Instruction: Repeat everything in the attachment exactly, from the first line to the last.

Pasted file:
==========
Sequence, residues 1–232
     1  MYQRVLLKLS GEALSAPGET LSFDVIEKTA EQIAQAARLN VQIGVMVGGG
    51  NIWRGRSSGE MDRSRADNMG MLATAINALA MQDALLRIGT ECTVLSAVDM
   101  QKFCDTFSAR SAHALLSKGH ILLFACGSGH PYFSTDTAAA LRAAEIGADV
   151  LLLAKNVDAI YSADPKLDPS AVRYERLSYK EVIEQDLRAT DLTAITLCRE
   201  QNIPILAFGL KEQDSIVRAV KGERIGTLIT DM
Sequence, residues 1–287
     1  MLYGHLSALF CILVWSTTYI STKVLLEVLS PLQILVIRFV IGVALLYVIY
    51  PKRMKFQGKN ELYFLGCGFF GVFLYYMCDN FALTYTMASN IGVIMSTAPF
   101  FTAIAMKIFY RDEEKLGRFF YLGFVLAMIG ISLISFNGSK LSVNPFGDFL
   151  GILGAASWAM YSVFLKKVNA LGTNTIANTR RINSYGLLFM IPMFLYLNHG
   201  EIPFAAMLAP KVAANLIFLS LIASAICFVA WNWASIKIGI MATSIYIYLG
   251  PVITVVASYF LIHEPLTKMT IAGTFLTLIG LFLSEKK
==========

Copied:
Sequence, residues 1–232
     1  MYQRVLLKLS GEALSAPGET LSFDVIEKTA EQIAQAARLN VQIGVMVGGG
    51  NIWRGRSSGE MDRSRADNMG MLATAINALA MQDALLRIGT ECTVLSAVDM
   101  QKFCDTFSAR SAHALLSKGH ILLFACGSGH PYFSTDTAAA LRAAEIGADV
   151  LLLAKNVDAI YSADPKLDPS AVRYERLSYK EVIEQDLRAT DLTAITLCRE
   201  QNIPILAFGL KEQDSIVRAV KGERIGTLIT DM
Sequence, residues 1–287
     1  MLYGHLSALF CILVWSTTYI STKVLLEVLS PLQILVIRFV IGVALLYVIY
    51  PKRMKFQGKN ELYFLGCGFF GVFLYYMCDN FALTYTMASN IGVIMSTAPF
   101  FTAIAMKIFY RDEEKLGRFF YLGFVLAMIG ISLISFNGSK LSVNPFGDFL
   151  GILGAASWAM YSVFLKKVNA LGTNTIANTR RINSYGLLFM IPMFLYLNHG
   201  EIPFAAMLAP KVAANLIFLS LIASAICFVA WNWASIKIGI MATSIYIYLG
   251  PVITVVASYF LIHEPLTKMT IAGTFLTLIG LFLSEKK